Having a well-trained dog is important for your family’s comfort, for all the people that your dog encounters on walks, and for the safety of your dog and other dogs in the vicinity. As you begin your dog obedience training, keep patience, persistence, and positivity as your watchwords.
Training is not at all synonymous with punishment, and should not seem like it to your pet -- keep training sessions brief, reward all good behavior, and know that sometimes you can just ignore bad behavior. If your dog tries to jump on you, and you just turn your back, for example, your dog will learn that jumping will not get the wanted attention. A quick and firm "No" will tell your dog you're not pleased, and you should never resort to hitting.
Praise your dog immediately following their actions to help to enforce the positive behavior. Remember that seemingly simple tasks, like learning to heel, are new skills for your dog, and may take some time to master.
Here are 5 steps to training your dog.
1. Gather Your Tools:
Get started by reading up on training techniques, and having a clear strategy for how you’ll accomplish your goals. A consistent and clear approach will help training go smoothly for both you and your pet. You’ll also need some supplies on hand to facilitate the process:
As well as praising your dog after good behavior, providing a treat enforces your praise, and reinforces the benefits of behaving well.
Leash and Collar:
A collar with your address and information is particularly important for young dogs who may run off. A leash will help you keep your dog near, and is particularly important since puppies may not pay attention to a vocal command, and can be kept in control with the leash. Your little pup might not like the collar at first, but will grow accustomed to it over time.
2. Start Housebreaking Early:
Potty training is an important part of your dog’s obedience training -- it’s a big step for your puppy to realize that it’s not appropriate to go to the bathroom inside, and to understand the concept of waiting to urinate and defecate. Like a baby, a young puppy cannot completely control their bladder, so it’s important to keep natural limitations in mind, and only plan for puppies to hold it for a reasonable amount of time. Setting up a crate can be helpful, since dogs will naturally resist going to the bathroom in the same area that they sleep and rest in. Just be careful to only confine your pet in the crate for a reasonable amount of time; waiting to use the bathroom, and being in the crate in general, should not feel like a punishment or unrealistic task. Praise your pet when they go to the bathroom outdoors in an appropriate spot.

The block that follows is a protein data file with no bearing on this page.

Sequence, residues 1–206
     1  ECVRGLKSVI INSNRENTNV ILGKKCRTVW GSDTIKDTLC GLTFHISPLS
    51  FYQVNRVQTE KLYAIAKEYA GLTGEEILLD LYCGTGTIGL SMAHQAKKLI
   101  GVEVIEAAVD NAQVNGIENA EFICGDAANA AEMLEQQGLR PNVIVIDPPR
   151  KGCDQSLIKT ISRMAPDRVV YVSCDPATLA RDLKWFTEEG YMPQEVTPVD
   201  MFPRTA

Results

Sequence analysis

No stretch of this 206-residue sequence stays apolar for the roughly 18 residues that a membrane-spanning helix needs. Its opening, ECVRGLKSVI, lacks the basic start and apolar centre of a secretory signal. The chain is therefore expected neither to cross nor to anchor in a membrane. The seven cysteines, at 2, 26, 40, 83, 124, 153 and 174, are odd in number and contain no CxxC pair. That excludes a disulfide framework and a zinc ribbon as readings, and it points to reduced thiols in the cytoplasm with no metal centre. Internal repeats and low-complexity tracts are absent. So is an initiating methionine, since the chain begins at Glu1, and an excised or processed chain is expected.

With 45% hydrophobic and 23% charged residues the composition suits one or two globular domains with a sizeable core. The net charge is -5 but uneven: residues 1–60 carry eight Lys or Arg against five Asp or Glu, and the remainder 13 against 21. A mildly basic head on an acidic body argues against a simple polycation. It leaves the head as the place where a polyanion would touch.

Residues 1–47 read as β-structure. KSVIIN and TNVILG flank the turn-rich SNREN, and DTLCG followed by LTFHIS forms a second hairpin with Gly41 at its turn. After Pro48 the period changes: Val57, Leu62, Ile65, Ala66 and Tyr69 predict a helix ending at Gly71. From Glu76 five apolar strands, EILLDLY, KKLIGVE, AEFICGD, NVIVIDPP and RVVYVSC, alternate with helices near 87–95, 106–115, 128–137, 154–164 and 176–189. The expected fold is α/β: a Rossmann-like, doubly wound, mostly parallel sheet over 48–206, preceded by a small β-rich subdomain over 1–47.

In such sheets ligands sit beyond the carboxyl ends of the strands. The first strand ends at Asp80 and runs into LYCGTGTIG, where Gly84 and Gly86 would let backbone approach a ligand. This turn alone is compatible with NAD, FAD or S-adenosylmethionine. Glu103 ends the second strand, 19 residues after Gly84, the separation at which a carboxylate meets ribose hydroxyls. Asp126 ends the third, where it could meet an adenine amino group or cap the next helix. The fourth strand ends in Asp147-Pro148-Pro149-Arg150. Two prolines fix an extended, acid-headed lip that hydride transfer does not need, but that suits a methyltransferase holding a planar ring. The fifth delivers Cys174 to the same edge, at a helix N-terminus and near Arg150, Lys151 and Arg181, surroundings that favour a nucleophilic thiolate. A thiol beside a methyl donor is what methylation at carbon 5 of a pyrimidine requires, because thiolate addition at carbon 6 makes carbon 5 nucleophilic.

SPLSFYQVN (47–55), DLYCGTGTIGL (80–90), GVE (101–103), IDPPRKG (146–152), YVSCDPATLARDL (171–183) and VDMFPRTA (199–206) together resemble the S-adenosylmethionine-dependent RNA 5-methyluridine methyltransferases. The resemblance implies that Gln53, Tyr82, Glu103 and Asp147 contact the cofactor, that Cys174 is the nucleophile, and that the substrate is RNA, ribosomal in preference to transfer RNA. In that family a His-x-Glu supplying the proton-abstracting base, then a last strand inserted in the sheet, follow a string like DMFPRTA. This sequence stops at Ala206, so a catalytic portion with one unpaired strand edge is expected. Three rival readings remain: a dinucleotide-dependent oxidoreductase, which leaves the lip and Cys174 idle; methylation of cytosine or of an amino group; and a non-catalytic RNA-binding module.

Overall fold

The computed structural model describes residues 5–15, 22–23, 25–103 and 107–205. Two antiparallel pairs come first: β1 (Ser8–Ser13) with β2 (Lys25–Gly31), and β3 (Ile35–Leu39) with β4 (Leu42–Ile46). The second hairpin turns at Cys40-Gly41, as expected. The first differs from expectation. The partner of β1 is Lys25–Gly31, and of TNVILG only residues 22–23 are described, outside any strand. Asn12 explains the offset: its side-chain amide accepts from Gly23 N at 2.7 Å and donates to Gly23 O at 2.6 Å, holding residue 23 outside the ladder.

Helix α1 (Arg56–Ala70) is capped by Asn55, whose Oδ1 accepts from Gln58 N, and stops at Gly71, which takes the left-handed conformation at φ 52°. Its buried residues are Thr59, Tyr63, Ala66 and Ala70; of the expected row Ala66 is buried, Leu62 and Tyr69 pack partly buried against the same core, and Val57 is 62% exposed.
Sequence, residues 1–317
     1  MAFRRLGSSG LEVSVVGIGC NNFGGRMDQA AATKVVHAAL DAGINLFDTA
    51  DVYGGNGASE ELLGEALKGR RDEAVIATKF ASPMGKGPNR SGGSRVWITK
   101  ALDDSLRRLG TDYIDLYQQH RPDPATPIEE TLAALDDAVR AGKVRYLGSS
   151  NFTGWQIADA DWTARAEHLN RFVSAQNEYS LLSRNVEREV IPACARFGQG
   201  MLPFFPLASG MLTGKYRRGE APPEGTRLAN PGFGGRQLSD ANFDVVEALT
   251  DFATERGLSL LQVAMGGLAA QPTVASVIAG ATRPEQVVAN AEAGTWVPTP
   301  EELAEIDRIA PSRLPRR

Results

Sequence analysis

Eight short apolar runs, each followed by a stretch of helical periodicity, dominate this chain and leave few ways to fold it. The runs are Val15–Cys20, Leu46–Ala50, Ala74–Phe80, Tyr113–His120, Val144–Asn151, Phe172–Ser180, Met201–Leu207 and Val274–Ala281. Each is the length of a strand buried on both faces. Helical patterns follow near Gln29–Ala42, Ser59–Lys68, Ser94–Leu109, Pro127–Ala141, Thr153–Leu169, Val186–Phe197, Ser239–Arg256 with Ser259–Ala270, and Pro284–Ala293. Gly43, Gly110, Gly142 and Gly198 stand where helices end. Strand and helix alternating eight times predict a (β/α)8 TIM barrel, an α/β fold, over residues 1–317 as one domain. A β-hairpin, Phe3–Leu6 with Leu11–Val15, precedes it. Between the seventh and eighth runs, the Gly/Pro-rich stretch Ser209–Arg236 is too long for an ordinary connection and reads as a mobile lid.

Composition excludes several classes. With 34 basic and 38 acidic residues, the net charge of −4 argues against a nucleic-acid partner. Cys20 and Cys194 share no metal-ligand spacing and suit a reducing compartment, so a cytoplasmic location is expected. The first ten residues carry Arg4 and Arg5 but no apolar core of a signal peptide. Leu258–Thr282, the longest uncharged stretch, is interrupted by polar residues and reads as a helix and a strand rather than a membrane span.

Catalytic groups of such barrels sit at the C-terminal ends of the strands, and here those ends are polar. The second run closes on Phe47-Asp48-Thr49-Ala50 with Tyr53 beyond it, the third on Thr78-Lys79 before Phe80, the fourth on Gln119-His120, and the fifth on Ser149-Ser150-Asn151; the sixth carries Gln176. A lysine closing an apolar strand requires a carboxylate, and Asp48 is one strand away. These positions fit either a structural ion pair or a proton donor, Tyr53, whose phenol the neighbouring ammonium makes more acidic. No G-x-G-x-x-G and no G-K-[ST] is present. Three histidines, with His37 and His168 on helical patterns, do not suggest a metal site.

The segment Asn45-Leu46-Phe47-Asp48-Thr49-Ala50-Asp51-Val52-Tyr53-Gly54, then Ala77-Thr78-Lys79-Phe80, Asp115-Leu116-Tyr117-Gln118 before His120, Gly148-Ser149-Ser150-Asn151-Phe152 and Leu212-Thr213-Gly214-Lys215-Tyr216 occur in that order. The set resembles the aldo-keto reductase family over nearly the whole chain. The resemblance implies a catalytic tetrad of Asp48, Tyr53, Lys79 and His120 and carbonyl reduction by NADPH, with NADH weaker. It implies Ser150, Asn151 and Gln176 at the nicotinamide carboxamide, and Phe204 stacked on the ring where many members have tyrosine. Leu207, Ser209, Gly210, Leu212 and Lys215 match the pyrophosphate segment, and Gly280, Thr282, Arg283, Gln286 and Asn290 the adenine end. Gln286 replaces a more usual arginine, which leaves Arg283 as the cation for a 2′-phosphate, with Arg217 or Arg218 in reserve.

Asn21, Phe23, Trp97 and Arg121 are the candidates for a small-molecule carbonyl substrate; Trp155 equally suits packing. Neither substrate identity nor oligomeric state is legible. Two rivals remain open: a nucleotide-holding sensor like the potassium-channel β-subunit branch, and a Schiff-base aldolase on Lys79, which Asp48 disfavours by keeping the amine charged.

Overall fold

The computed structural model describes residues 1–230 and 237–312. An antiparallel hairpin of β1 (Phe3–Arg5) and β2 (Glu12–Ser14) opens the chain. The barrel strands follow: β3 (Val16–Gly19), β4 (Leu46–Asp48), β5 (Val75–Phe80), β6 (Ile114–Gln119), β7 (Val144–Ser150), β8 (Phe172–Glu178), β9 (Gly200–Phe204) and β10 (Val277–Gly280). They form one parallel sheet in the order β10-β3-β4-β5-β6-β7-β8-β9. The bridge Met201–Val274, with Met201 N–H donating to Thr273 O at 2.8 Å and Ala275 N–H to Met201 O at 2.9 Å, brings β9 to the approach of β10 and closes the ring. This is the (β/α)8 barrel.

3. Get Your Dog Used to the Leash:
Being on a leash doesn’t necessarily make intuitive sense to a puppy -- give your dog time to get accustomed to the idea of always being attached to an owner and having restricted movement. Start by introducing your pet to a collar. Once your dog is familiar with having something around their neck, add on the leash. This step doesn’t need to happen outside; in fact, it’s preferable to get your dog accustomed to the feel of a leash before teaching him how to go for a walk with it on.
Once your puppy is OK with the leash, take them outside, and get your dog used to walking while on a leash. As with all training, treats will help your dog feel good about the leash, and walking under your control.
4. Develop Social Skills With Kids & Other Dogs:
If your dog will encounter children, strangers, and other dogs -- and even the most isolated dog is likely to interact with other people and pets in his lifetime -- it’s vital that your dog knows how to behave. Lunging, biting, and other bad behaviors are completely unacceptable. The easiest way to show your dog how to behave around other dogs, people, and kids is to introduce your dog to them early on. It’s surprises and unfamiliar experiences that will trip your dog up later in life, causing them to respond with aggression. As with all training experiences, you can help this process along by giving your puppy treats to encourage them to interact with others, and praising successful social interactions.
5. Begin Teaching Commands:
At the very least, all dogs should know the basic commands like “Sit,” “Stay,” “Heel,” and “Come” -- of course, more understanding of commands is only going to make communication and obedience easier. To teach commands, you’ll need to be patient and train your dog in short sessions. Focus on one command per session, and be consistent in your approach. If you’re teaching the command “Stay,” for example, focus on just that one command, and say it in the same tone each time. Whenever your dog follows the command, praise and provide treats as positive reinforcement.
More on Training Your Dog:
Golden Retriever Crate Training
Tips for Training a Beagle
Training Greyhounds for Long Leashes
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This information is for informational purposes only and is not meant as a substitute for the professional advice of, or diagnosis or treatment by, your veterinarian. Always seek the advice of your veterinarian or other qualified professional with any questions you may have regarding a medical condition. Never disregard or delay seeking professional advice due to what you may have read on our website.